00401_AY_AGF_F2V_Pstr&PC_v3-page-002

One of the things I’m most excited about this year is a series of flower farm dinners that celebrate American grown flowers, as well as the farms and florists who bring them to life. To hear more about this cool project, called the Field to Vase Dinner Tour, I’ve asked special events manager Kathleen Williford to share details.

As I mentioned, you are invited to take part as a guest at one or more of the flower farm venues. The promo code for a $25 discount is DREAM, so be sure to use it when you order your seat at the flower-laden table.

theflowerhouse_graphic

The Flower House logo, designed by Lily Stotz

Speaking of being flower-laden, our featured guest today has flowers on her brain in a big way. I am so pleased to introduce you to Lisa Waud of Pot and Box, a flower shop and floral and event studio with two Michigan locations – in Detroit and Ann Arbor. Lisa is a member of Slowflowers.com, but I think we originally met when Jill Rizzo of SF’s Studio Choo suggested to Lisa to reach out and tell me about her ambitious project called The Flower House.

Here’s the scoop:

Beginning over the first weekend of MAY, Lisa will host a preview event for an innovative art installation in Detroit.

Imagine this abandoned storefront - filled with Lisa's floral dreams. (c) Heather Saunders Photography

Imagine this abandoned storefront – filled with Lisa’s floral dreams. (c) Heather Saunders Photography

There, potential sponsors, partners, friends and volunteers will get a whiff of the “big project” on a smaller scale. In a tiny storefront, they will install a breathtaking floral display, just next door to a once-abandoned urban property where Lisa and fellow designers ultimately hope to transform an aging, 11-room duplex into The Flower House.

“We’ll generally work our future audience into a flower frenzy,” Lisa says of the kickoff event.

When October 16th-18th rolls around, cutting-edge florists from Michigan and across the country will fill the walls and ceilings of an abandoned Detroit house with American-grown fresh flowers and living plants for a weekend installation.

The project will be featured in local, national, and worldwide media for innovation in floral design and repurposing forgotten structures in the city of Detroit.  

Visitors will be welcomed to an opening reception and a weekend of exploration, and a few reserved times will be offered to couples to hold their wedding ceremonies in The Flower House.  

Re-flowering an abandoned home in Detroit - a glimpse of Lisa Waud's grand idea (c) Heather Saunders Photography.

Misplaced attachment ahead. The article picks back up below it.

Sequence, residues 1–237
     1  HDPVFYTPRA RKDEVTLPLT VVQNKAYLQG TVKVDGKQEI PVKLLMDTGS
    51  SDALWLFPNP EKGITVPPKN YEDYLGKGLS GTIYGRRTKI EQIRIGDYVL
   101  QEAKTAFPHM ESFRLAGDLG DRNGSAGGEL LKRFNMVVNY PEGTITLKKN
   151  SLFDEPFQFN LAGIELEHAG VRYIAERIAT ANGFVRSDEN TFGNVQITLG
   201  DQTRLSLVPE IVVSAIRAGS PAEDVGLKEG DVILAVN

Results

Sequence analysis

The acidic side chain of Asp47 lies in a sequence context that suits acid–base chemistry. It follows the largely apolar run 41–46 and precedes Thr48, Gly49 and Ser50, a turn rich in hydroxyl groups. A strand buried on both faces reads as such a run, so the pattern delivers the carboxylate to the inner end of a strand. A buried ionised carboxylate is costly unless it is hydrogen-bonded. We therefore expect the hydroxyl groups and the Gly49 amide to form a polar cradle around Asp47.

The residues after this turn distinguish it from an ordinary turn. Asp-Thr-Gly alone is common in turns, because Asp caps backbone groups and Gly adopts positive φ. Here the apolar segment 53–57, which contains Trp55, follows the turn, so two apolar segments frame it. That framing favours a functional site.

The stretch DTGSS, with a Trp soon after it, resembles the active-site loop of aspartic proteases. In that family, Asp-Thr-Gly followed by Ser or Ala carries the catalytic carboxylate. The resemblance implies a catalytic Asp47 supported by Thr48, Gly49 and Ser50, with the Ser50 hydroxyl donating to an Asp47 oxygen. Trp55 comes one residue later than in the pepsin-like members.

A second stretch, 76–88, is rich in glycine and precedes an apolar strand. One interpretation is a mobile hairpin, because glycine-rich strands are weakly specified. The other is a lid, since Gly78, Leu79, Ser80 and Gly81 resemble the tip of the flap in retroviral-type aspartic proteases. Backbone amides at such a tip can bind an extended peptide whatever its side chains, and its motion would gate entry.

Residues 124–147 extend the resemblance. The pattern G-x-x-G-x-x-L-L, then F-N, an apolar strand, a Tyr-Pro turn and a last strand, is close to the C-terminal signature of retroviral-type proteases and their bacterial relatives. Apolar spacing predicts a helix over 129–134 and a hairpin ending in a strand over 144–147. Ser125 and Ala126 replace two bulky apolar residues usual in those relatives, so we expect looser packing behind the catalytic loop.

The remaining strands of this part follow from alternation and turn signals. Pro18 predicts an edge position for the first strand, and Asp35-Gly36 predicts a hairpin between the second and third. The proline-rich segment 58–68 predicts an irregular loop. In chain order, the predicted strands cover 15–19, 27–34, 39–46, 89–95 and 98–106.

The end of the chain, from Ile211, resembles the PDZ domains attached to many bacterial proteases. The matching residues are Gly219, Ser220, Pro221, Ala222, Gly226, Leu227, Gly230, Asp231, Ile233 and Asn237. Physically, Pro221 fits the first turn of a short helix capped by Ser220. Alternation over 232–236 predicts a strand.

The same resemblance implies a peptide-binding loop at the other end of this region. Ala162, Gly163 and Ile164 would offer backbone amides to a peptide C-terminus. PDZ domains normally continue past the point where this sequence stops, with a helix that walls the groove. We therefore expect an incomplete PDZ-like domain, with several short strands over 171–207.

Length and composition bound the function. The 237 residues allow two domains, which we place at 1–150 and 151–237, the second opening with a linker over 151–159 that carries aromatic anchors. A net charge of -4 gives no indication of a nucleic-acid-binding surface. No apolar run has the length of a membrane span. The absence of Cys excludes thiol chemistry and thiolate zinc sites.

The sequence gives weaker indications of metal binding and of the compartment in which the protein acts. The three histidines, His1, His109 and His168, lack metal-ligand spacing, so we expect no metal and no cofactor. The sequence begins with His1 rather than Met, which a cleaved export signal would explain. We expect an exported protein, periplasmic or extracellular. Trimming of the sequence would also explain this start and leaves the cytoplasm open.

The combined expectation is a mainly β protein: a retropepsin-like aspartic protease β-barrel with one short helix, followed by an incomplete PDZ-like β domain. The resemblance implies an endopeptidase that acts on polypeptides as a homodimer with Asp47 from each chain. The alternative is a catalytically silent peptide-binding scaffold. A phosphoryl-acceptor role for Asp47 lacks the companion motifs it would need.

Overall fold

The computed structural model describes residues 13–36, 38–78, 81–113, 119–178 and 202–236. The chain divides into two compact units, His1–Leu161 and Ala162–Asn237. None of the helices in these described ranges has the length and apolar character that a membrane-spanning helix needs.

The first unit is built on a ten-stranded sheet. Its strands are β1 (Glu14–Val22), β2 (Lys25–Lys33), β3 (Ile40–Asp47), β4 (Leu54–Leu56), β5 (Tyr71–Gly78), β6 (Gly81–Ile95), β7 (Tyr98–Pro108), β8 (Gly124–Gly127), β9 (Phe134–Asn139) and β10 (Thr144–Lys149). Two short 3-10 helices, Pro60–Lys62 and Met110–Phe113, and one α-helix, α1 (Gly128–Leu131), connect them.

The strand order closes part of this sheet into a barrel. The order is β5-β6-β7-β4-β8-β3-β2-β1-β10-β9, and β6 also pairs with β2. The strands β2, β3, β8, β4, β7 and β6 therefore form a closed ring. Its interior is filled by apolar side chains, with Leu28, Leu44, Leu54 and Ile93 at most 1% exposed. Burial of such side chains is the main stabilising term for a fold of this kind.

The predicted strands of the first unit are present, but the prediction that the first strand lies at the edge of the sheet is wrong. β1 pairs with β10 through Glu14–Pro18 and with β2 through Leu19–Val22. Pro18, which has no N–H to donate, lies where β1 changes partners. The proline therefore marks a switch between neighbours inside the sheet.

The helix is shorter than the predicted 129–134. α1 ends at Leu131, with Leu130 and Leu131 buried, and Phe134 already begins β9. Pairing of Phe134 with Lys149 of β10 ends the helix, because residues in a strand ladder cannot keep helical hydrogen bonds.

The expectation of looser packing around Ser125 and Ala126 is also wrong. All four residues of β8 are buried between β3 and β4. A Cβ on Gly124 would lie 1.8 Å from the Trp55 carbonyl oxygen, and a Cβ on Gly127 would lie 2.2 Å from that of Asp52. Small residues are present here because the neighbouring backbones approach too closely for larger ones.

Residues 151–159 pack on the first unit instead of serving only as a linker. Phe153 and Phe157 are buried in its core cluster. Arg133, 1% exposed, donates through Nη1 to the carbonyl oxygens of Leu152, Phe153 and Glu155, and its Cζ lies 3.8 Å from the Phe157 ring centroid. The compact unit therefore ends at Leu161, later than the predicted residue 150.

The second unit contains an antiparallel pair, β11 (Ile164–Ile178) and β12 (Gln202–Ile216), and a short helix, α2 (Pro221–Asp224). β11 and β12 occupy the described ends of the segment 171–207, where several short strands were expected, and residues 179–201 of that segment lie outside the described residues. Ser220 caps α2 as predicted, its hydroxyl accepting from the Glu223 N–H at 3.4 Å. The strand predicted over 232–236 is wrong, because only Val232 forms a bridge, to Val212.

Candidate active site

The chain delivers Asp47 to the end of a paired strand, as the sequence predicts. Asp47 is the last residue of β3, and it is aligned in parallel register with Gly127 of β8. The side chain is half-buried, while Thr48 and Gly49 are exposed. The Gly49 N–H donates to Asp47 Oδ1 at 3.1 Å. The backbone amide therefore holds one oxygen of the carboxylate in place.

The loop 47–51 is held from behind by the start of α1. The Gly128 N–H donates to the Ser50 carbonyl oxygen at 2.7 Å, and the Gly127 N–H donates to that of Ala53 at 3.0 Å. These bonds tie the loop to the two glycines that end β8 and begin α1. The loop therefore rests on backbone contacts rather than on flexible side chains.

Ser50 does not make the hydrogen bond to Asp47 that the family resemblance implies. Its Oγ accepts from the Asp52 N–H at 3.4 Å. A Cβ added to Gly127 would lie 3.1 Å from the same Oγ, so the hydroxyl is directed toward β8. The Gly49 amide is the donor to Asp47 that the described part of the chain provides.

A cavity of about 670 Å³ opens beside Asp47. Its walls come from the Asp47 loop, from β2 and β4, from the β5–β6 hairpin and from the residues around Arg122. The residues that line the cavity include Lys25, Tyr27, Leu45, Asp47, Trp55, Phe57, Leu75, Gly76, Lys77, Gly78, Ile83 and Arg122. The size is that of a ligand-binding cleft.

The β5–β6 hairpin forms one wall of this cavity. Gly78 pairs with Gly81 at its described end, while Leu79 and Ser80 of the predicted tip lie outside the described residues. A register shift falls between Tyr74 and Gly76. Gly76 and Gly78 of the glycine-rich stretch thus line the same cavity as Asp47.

Re-flowering an abandoned home in Detroit – a glimpse of Lisa Waud’s grand idea (c) Heather Saunders Photography.

When the installation weekend has passed, the structures on The Flower House property will be responsibly deconstructed and their materials repurposed. The land will be converted into a flower farm and design education center on a formerly neglected property. 

For more details on The Flower House, follow these links:

The Flower House on Facebook

The Flower House Inspiration on Pinterest

The Flower House on Twitter

The Flower House on Instagram

I feel like I’m saying this week after week, but today’s conversations, with Kathleen and Lisa, are so truly encouraging.

This IS the Year of the American Grown Flower. Please join efforts like the Field to Vase Dinner Tour and Detroit’s The Flower House to get in on the excitement. Both projects are community focused, with the potential for engaging huge numbers of people.

By exposing lovers of local food and floral design to the immense creativity that comes from sourcing our flowers locally, in season and from American farms, we are deepening the conversation, connecting people with their flowers in a visceral way. All the senses are stimulated, as well as our imaginations.

Thank you for downloading and listening to the Slow Flowers Podcast! Each week I share with you our “download” count and we have hit 35,000 downloads to date. I’m encouraged to know more people are learning about the farmers and florists who keeping American-grown flowers flourishing.

So I thank you!!! If you like what you hear, please consider logging onto Itunes and posting a listener review.

The Slow Flowers Podcast is engineered and edited by Andrew Wheatley and Hannah Holtgeerts. Learn more about their work at shellandtree.com